The spokesperson for Iraq’s Ministry of Foreign Affairs, Ahmed Al-Sahaf, announced on Friday, December 17, that fines imposed on the Iraqis stranded at the Belarusian borders had been dropped.
Official sources quoted him as saying that the waiver had come about “with the efforts of the ministry and through the embassy” of Iraq in Moscow and “in coordination with the authorities in Belarus.”
He explained: “We were able to drop the financial fines resulting from violating the residency conditions, for the total of those who were voluntarily returned, in the amount of more than seven hundred and seventy thousand dollars.”
On the repatriation of Iraqi migrants stuck on the borders of Belarus, he said: “Our consular delegations continue to work in the field by registering the names of those wishing to return and proving the pastoralism of others.”
The task had been accomplished through the efforts of the embassies of Iraq in Moscow and Warsaw, he explained.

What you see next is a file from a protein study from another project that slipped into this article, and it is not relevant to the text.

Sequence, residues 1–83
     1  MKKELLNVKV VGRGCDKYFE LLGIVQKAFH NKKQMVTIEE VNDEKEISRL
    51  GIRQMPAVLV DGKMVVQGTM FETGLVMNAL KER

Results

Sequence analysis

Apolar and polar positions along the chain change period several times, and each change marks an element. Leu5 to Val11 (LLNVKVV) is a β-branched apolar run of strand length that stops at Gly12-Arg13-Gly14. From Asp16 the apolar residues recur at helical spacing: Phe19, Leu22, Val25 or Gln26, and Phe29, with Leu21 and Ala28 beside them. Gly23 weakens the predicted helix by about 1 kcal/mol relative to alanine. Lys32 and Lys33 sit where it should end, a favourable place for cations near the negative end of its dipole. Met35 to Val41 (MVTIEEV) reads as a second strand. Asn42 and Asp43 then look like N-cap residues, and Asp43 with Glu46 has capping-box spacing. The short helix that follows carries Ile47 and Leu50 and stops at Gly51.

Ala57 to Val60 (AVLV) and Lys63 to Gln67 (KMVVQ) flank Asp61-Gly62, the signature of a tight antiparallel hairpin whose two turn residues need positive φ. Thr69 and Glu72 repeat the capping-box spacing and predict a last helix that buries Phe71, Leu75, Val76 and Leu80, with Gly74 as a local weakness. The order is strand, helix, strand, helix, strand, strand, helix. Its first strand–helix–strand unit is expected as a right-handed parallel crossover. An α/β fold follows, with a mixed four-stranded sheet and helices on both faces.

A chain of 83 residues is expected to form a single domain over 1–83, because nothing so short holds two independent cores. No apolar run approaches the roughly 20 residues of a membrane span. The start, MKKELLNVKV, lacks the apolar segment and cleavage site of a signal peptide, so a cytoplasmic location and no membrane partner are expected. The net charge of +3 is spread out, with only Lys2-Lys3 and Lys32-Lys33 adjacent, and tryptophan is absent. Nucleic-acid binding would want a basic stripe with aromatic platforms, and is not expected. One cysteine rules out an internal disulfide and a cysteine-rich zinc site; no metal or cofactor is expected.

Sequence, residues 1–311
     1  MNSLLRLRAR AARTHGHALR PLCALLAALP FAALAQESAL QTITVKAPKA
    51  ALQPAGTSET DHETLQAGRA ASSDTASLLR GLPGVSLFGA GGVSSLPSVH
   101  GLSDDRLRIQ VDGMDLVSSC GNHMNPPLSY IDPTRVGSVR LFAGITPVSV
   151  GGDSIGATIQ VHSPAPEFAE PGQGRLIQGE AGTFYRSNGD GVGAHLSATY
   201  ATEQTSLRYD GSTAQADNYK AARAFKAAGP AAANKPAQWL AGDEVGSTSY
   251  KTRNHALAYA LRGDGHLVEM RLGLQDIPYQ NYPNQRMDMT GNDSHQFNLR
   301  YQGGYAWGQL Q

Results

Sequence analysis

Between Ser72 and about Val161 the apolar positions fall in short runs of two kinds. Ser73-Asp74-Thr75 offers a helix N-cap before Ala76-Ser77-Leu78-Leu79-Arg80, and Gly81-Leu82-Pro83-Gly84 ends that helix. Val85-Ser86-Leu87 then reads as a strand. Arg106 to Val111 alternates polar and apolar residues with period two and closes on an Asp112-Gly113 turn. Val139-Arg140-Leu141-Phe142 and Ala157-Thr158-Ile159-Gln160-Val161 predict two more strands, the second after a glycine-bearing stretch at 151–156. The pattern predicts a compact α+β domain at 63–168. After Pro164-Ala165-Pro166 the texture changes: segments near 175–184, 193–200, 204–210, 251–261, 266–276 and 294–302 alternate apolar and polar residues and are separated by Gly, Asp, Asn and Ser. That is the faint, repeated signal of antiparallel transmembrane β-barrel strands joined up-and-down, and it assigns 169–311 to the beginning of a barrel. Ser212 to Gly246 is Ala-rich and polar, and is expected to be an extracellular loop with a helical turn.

Al-Sahaf said in a statement: “Within one month, the ministry has been coordinating high, and to date we have managed to run 10 exceptional flights to bring back those wishing to return voluntarily.”
He added, “The evacuation flight to return those wishing to return voluntarily for this day carried 258 Iraqis.”
Al-Sahaf also said, “We have so far succeeded in returning 3,817 Iraqis within 10 trips.”
He also noted that 518 laissez-passer passports — e-travel documents issued by the EU that are valid in all of its member states — had been granted to the migrants so far.
“We are coordinating humanitarian support in the field in Belarus, Lithuania, Latvia, and Poland,” said the spokesperson.
Belarus is accused of pushing migrants in the country to the borders in order to exert pressure on neighbors to take them in, as its relations with them deteriorates because of allegations of corruption against its president Alexander Lukashenko.